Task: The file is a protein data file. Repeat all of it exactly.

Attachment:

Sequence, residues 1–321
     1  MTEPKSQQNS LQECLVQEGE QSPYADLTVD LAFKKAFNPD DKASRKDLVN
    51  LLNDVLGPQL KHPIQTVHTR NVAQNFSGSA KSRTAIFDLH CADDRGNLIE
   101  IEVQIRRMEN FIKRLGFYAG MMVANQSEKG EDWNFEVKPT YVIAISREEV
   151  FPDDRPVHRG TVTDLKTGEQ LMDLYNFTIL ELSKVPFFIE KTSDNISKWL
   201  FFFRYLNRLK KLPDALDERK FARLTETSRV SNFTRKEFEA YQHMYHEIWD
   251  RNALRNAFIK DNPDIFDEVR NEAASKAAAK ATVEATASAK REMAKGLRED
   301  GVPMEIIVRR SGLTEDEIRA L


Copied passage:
Sequence, residues 1–321
     1  MTEPKSQQNS LQECLVQEGE QSPYADLTVD LAFKKAFNPD DKASRKDLVN
    51  LLNDVLGPQL KHPIQTVHTR NVAQNFSGSA KSRTAIFDLH CADDRGNLIE
   101  IEVQIRRMEN FIKRLGFYAG MMVANQSEKG EDWNFEVKPT YVIAISREEV
   151  FPDDRPVHRG TVTDLKTGEQ LMDLYNFTIL ELSKVPFFIE KTSDNISKWL
   201  FFFRYLNRLK KLPDALDERK FARLTETSRV SNFTRKEFEA YQHMYHEIWD
   251  RNALRNAFIK DNPDIFDEVR NEAASKAAAK ATVEATASAK REMAKGLRED
   301  GVPMEIIVRR SGLTEDEIRA L